We worship with others regularly

God gives unbounded love and grace to us, and worship is one way of responding and celebrating this. As a consequence, we are transformed by the grace and power of God, receiving forgiveness and mercy.

“Worship helps me to notice God alongside me, and alongside others. It connects us as a diverse community united in love of one another and God.”

Worshipping God with others also helps to knit us into a faith community, with mission as “the natural, even inevitable, consequence” (Called to Love and Praise, 4.3.2). We also worship God through our everyday activities – at work, at home, and wherever we live our daily life.

Day by day, as they spent much time together in the temple, they broke bread at home and ate their food with glad and generous hearts, praising God and having the goodwill of all the people. (Acts 2:46-47)

Methodist churches have a range of styles of worship, normally with these shared elements:

  • Reading the Bible and reflecting on it to help us to know more of God.
  • Participating in prayers of praise, adoration, confession, thanksgiving and intercession, petition and dedication, which help us explore different dimensions of prayer.
  • Singing songs that express our faith in God and declare it to the world. Through their words and our heart response, songs may also remind us of our shared journey and inspire us to engage in mission.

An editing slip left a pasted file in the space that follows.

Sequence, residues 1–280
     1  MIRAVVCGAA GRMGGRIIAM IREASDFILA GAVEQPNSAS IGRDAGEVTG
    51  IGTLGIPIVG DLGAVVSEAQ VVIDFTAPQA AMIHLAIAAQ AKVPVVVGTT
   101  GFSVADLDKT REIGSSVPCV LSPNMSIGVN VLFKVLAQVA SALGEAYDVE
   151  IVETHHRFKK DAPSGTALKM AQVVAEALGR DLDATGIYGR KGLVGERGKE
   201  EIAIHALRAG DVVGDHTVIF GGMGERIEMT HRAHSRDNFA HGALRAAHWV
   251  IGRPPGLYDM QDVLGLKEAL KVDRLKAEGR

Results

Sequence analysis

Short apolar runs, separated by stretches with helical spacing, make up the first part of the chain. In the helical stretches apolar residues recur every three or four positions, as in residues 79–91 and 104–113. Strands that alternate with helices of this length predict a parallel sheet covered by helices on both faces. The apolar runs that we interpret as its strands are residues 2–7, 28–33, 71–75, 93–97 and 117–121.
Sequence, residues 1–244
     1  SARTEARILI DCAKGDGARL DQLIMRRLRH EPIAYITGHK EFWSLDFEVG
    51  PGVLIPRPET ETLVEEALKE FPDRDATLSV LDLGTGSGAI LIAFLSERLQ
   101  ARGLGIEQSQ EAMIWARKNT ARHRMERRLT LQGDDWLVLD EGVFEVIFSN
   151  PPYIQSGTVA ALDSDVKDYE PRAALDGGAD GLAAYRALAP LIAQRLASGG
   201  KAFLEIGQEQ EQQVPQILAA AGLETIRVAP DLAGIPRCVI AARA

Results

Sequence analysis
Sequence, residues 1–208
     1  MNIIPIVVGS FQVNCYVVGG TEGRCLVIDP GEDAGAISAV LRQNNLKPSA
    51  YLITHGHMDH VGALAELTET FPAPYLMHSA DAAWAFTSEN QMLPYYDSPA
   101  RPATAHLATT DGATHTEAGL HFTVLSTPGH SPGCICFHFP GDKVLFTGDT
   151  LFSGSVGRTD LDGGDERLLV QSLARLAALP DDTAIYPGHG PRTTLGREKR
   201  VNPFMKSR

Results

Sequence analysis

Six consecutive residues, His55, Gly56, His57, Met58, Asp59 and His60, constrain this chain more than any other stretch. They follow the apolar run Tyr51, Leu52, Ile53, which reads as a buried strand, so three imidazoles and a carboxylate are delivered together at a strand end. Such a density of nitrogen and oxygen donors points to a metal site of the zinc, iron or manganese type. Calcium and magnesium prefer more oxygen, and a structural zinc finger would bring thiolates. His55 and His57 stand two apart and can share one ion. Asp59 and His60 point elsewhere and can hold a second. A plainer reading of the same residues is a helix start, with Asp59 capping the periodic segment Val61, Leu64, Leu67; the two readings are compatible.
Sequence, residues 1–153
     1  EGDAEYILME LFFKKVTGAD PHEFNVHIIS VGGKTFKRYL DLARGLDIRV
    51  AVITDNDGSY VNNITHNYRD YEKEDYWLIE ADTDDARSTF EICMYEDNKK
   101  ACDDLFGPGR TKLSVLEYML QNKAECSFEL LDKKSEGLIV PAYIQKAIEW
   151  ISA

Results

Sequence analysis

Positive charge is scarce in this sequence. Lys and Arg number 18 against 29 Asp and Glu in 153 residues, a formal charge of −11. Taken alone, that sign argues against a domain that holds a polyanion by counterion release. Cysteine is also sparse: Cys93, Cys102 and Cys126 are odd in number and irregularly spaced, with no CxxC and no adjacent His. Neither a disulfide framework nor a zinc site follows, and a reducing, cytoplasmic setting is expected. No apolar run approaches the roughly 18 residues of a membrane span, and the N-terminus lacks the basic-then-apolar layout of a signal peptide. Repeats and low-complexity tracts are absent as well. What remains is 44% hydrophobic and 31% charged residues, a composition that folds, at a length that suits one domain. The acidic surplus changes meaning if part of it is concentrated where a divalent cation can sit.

Pause for thought

What do you believe about encountering the divine?

Interested in having conversations like this with your friends, neighbours and community? Buy Conversations Against Mundanity now.

Simple things to try

  1. If you don’t regularly attend a church worship service, visit your local Methodist church. You should receive a warm welcome. Don't be afraid to ask if you need to know what is happening, or if you've got any faith questions. If you do already attend a church, visit a different one in your area – how does the worship service compare? share your experiences with others and consider how different forms of worship might open you to God in different ways.
  2. If you’re involved in leading church services, check out our resources for conversation spaces and worship services. Singing the Faith Plus is also a one-stop-shop for resources and advice for people who prepare and lead worship.
  3. Think of ways that your church worship could be made more inclusive for people who don't currently attend.
  4. If you've been part of a church community for a while, prayerfully consider whether you might have a calling to be a worship leader.
  5. Are you a preacher? Check out the Politics in the Pulpit podcast, a lectionary-based weekly preaching resource, reflecting on preaching and justice.
  6. Listen to a Taketime meditation based on John 4:15-24 The Samaritan woman (part 2)